Carrie: Traditional culture is in jeopardy everywhere. We need to reinvigorate elements of neighboring and caring for people and being stewards of land and water. We see in Appalachian culture examples of caring and sharing, putting by and saving for hard times, aspects of California's traditional life. We all still need these reminders, ideas for how to survive and thrive as communities of caring, loving, laughing people.
Hannah: Tell us about the tribute you have planned to folk icon and former SGVCC board member Kate Wolf.
Carrie: The second half of our concert will be a tribute to Kate Wolf, filled with her soulful songs of friendship, longing and hope. We play and sing them in our own way as impassioned heartfelt duets.
Carrie: One of Michael's gifts as a guitarist is creating lively and usual bass lines to back up fiddle tunes. With John Pedersen's lively incantation of some of the best of America's greatest fiddle tunes, this will be a toe-tapping celebration of two extraordinary performers of the best of American old-time music. If you close your eyes you can hear in the fiddle tunes the sounds and imagery of rives flowing into crevasses in ancient, worn-down mountains, old timers gathering water, washing clothes, being baptized and, putting the hoe down for an old-fashioned square dance.
Be baptized yourself. Let the music, fiddle tunes, traditional mountain ballads, songs of resistance in the coalfields, and the healing strains of Kate Wolf's songs wash over you and make you new, ready to rise up and face life’s challenges anew in a community of hope.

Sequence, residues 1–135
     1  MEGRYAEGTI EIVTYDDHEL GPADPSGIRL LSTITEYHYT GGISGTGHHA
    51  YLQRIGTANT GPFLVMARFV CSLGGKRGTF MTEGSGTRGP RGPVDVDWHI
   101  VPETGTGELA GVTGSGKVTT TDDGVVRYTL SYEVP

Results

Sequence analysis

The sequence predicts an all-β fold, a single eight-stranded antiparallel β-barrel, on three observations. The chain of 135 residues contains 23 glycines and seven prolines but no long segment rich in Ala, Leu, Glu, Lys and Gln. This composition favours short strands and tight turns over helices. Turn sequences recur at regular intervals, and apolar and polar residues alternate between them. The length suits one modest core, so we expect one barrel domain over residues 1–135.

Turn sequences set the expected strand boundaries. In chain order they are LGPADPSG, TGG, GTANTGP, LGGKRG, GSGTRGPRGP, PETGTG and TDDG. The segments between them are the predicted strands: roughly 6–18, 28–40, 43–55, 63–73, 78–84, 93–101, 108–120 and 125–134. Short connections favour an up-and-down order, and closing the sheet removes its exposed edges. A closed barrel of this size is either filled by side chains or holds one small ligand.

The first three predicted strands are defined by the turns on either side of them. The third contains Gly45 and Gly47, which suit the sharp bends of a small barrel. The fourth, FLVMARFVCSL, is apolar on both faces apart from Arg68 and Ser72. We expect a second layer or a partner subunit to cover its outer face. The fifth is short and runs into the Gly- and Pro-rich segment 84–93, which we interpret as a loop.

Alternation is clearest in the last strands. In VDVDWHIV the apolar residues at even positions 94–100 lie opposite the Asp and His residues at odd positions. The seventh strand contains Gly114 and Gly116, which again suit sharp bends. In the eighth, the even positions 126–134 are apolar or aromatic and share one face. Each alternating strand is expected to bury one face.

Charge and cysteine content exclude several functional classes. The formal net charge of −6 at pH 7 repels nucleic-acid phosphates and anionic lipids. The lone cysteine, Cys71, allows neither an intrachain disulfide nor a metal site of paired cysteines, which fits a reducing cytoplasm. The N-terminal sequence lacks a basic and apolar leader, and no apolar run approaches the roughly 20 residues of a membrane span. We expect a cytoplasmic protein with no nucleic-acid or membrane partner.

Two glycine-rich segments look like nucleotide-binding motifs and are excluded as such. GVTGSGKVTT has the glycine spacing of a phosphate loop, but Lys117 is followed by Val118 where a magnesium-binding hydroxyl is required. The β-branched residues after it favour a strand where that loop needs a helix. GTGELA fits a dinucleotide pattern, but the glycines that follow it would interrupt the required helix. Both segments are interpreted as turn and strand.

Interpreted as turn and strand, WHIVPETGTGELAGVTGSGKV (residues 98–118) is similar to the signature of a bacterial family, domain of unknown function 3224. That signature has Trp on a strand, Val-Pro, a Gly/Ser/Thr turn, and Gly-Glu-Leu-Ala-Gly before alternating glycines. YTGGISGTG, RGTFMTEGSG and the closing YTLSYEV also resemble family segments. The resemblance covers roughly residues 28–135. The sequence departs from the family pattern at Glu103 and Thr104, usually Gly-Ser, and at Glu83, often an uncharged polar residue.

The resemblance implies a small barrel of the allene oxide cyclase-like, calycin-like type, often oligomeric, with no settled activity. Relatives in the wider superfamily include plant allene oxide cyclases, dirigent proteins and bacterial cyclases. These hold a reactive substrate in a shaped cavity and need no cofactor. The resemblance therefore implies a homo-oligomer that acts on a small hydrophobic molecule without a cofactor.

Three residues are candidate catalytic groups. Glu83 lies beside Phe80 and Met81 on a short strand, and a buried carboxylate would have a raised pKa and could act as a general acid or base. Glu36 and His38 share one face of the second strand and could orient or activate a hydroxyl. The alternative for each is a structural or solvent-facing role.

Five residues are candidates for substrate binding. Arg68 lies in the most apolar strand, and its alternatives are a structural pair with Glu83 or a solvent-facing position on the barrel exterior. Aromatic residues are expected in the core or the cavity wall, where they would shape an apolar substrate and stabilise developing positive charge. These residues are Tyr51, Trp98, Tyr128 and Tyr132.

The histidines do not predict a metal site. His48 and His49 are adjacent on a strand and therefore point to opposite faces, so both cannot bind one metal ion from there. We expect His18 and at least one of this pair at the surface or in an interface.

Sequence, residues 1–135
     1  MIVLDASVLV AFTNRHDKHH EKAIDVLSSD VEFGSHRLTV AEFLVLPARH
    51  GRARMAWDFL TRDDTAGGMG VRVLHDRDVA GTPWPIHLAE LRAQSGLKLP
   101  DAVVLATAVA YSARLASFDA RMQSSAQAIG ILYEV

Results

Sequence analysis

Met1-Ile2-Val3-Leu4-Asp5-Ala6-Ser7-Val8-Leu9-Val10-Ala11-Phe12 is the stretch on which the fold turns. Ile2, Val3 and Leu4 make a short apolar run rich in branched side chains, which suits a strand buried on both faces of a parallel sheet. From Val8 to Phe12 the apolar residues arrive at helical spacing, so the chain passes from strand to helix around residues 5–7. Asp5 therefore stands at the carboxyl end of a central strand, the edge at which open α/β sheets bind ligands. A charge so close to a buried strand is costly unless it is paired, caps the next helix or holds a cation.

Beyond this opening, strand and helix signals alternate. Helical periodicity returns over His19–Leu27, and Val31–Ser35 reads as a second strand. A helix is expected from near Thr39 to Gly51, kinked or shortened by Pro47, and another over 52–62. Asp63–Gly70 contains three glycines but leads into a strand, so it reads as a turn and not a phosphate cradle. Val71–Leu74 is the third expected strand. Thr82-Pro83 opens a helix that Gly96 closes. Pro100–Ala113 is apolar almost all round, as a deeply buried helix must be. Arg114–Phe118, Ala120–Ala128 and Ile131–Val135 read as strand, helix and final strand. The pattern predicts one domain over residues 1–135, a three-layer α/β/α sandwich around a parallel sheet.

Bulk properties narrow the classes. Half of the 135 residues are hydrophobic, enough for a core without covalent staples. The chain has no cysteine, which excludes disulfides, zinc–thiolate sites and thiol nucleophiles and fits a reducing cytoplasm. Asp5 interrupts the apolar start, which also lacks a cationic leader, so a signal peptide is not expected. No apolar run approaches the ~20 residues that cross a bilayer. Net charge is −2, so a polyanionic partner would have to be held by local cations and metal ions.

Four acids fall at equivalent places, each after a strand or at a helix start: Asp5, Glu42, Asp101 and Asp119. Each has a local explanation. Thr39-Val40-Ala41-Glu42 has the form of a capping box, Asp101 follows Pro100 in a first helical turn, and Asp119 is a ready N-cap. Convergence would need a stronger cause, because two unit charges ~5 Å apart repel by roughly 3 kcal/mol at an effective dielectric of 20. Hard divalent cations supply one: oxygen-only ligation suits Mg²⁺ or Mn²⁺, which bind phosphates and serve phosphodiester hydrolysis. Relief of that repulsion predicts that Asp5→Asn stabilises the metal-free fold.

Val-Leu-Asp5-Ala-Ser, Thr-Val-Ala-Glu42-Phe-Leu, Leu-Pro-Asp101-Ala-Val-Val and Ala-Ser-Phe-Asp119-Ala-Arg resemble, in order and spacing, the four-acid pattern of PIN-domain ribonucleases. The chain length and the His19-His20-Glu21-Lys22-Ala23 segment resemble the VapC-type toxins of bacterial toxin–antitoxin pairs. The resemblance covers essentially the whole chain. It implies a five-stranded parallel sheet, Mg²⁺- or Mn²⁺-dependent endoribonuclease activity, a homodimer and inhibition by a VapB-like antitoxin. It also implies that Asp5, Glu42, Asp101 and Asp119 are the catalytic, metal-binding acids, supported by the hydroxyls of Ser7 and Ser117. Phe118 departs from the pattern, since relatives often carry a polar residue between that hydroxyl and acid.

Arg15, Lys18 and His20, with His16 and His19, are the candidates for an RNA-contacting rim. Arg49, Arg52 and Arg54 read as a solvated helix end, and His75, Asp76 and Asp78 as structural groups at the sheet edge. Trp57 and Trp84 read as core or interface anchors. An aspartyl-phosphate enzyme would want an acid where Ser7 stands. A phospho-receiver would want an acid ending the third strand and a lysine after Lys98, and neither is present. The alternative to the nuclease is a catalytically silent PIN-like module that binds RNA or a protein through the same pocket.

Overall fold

Listen, enjoy and join in on Saturday, August 17th, 8pm:Tickets: http://www.brownpapertickets.com/event/427473
Sixteen Tons: http://www.folktalk.org/songs/sixteen_tons.mp3
Turtle Dove: http://www.folktalk.org/turtle_dove.mp3
More about The Klines:
Michael and Carrie Kline weave West Virginia stories and folklore with spine tingling harmonies on voice and guitar. The Klines' high mountain harmony vocals meld with their intertwining bass lines on two guitars, with Michael Kline’s melodic flat-picking guitar playing and Carrie's dynamic backup.
To hear them and be invited to join in on a chorus is to be transported to a country church, a one-room school, or grandma's kitchen. From songs such as Walk with Granny One More Time, to Coal Tattoo, and gospel numbers such as Turtle Dove and Love Like This Was Never Known, the Klines convey listeners along to the times that really matter, time with family and friends, spiritual times, wrapped in a patchwork quilt of vivid images. Kitchen songs. You can smell the biscuits baking. Their unique content loaded CDs featuring regional history, music and folklife will be on hand.
Carrie explains, “… from the ancient ballads of the Hammons Family in the central highlands, to mining laments and songs of resistance in the coal fields. … our music unveils the lives of Americans not generally included in mainstream debates.”
Including Kate Wolf in their repertoire, The Klines love performing at SGVCC where Wolf performed many times was once a board member. The Center is host to an outdoor Kate Wolf stage and a striking mural in her honor by artist MOT.For more information about the show or the San Geronimo Valley Community Center please visit their website or call 415-488-8888. Like them on Facebook.
Special thanks to Mary Olsen of Inverness for introducing the Klines to Marin County.